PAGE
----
How Aerial Yoga Affects Heart Health
Aerial yoga is an alternative form of this ancient practice that literally lifts you off the ground onto an entirely different plane. For those who are curious about aerial yoga or who have tried it, you may be pleased to hear that it can have a positive effect on your heart health.
While traditional forms of yoga involve poses that typically include keeping at least one foot or another part of the body in contact with the floor or ground, aerial yoga takes those poses up into the air with the use of circus hammocks. These hammocks, which are made of soft, high-density nylon material, are secured by carabineers, straps, and support chains in the ceiling and can support more than one ton.
During an aerial yoga class (once you learn the basics), you can expect to do various yoga poses or modified versions of them while using the hammock for support. The poses may include simple stretches while sitting or reclining in the hammock or hanging upside down while you grab your feet, ankles, or thighs for balance.
Aerial yoga study of heart health
Numerous studies have been conducted on the health benefits of traditional forms of yoga, but aerial yoga has not been evaluated in a scientific study. Thus a team at Western State Colorado University, led by Lance C. Dalleck, PhD, set out to analyze the health effects of both a single aerial yoga session and a six-week program.
The study, commissioned by the American Council on Exercise (ACE) involved 16 healthy, physically active females (18-45 years). Before they started participating in aerial yoga, the team gathered information about body weight, body-fat percentage, heart rate, oxygen uptake, blood pressure, fasting lipids and glucose, and waist circumference from each volunteer.
Here’s what the researchers found after evaluating a single 50-minute session and six weeks (three 50-minute sessions per week):
- A single session burns an average of 320 calories and provides cardiovascular effects associated with low- to moderate-intensity exercise
- After six weeks, the participants showed significant improvements in body weight, systolic blood pressure, waist circumference, high-density lipoprotein, percentage of body fat, and maximal oxygen uptake, and modest improvements in triglycerides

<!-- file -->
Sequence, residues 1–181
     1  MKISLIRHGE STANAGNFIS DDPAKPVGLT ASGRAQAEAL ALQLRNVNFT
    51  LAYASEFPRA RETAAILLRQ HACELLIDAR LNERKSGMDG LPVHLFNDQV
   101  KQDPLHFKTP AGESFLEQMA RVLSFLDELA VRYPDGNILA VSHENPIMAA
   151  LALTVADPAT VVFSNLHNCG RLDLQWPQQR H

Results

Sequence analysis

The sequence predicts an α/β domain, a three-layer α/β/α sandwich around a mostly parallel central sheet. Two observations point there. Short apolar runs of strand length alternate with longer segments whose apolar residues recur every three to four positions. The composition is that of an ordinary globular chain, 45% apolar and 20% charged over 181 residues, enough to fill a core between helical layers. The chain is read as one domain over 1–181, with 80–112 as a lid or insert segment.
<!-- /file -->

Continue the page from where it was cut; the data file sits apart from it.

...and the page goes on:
- The authors indicated that the combination of these improvements suggested the volunteers had reduced their risk for heart attack or other cardiovascular events by about 10 percent
Other things to know about aerial yoga
If you are intrigued by aerial yoga, be sure to get instructions from a certified instructor. Don’t be afraid to ask for the credentials of any teacher you are considering and to talk to others who have had sessions with the individual.
Although aerial yoga involves suspending yourself off the ground, the distance is typically quite small (about 3 feet), which helps minimize the possibility of injury. You also should never practice aerial yoga alone.
Because your body’s relationship with gravity is different in aerial yoga than in the traditional forms, your muscles may work harder, especially your core muscles. Some people also find they can experience greater flexibility because they can achieve better stretching with aerial yoga.
Aerial yoga is not for everyone. Anyone who is pregnant, who has undergone recent eye surgery, or who has an eye disease, vertigo, bone conditions, high or low blood pressure, cardiovascular disease, any condition that blocks the nasal passages, or prosthetic hips or knees should likely find another form of exercise.
Dalleck LC, Green DJ. ACE-sponsored research: can aerial yoga take your workouts to another level? ProSource 2016 Jan